How to use async and await in Python?
`async` and `await` are two essential keywords introduced in Python 3.5, forming the core of asynchronous programming in Python. Their primary purpose is to write non-blocking code that performs tasks concurrently without the need for complex callback structures or threads. Here’s a brief overview:
- async: This keyword is used to declare a function as an asynchronous function. An asynchronous function doesn’t return the final result directly; instead, it returns an “awaitable” object, usually an instance of `asyncio.Future`. It indicates that the function will contain asynchronous operations and might pause its execution, giving control back to the event loop to perform other tasks.
- await: Within an `async` function, the `await` keyword is used before a function call to indicate that the current function should pause and wait for the awaited function to complete, without blocking the entire program’s flow. The awaited function should also be asynchronous. When the awaited function completes, control is given back to the original function, and it continues executing from where it left off.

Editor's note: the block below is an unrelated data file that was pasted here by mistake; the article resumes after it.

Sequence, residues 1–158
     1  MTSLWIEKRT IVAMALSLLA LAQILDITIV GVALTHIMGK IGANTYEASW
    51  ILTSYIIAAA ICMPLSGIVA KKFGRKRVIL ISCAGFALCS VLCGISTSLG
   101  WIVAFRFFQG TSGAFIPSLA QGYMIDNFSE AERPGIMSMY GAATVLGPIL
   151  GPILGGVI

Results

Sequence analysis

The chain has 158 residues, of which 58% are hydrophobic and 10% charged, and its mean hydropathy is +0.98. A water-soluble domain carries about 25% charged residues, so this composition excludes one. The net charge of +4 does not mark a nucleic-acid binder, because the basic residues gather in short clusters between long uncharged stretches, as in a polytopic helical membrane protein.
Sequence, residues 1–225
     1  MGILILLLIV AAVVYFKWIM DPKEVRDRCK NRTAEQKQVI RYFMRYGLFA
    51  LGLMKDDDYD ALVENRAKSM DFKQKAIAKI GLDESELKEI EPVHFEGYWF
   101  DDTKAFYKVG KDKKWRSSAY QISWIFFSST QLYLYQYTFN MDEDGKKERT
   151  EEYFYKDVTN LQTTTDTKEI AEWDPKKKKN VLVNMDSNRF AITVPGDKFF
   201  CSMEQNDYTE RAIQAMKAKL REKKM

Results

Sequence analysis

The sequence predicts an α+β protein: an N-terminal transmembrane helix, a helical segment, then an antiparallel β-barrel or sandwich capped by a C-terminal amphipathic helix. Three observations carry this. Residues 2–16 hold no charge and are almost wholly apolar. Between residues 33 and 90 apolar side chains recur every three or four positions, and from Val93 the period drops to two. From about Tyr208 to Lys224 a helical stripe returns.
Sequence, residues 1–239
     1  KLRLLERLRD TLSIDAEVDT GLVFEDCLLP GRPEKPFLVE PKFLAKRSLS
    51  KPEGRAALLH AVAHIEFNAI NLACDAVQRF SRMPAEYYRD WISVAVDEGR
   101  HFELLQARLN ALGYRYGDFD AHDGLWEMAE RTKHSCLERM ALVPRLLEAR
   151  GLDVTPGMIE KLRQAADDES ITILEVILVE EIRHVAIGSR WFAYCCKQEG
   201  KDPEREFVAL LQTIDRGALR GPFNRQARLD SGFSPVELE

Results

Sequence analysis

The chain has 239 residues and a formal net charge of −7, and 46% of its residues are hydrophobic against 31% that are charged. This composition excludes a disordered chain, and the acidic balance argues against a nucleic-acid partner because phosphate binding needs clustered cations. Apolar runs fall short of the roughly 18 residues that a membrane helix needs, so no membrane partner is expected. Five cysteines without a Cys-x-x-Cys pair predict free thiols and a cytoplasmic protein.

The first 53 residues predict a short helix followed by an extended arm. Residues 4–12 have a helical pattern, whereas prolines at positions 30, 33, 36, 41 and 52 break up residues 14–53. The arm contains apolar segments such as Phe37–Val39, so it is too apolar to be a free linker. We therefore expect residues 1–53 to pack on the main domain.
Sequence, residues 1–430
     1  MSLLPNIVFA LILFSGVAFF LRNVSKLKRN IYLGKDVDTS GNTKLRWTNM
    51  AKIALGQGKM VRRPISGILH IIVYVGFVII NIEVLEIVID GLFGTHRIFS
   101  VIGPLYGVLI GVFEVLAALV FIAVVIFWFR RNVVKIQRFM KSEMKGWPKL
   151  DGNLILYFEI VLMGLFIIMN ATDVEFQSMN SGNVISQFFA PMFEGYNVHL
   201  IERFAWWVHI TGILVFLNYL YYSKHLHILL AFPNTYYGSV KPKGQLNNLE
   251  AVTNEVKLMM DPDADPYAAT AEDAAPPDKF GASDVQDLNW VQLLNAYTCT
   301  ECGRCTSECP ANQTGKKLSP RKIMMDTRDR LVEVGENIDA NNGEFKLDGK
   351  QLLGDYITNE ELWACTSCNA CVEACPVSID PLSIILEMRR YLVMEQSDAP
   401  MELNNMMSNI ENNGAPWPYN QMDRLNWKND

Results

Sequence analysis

Here’s the practical implication: Suppose you’re building a web scraper. Instead of waiting for each web page to download sequentially (which is time-consuming), you can start downloading multiple pages concurrently. While one page is being fetched, your code can proceed to initiate the download for the next page without waiting for the previous one to finish.
To leverage `async` and `await`, you often pair them with an asynchronous framework or library like `asyncio`. It provides tools like event loops, which manage and schedule the execution of multiple asynchronous tasks.
`async` and `await` offer a more readable and efficient way to write asynchronous code in Python. It allows for concurrent operations, making the most of system resources and potentially reducing the execution time of I/O-bound operations. Properly utilized, these constructs can greatly enhance the performance and structure of many Python applications.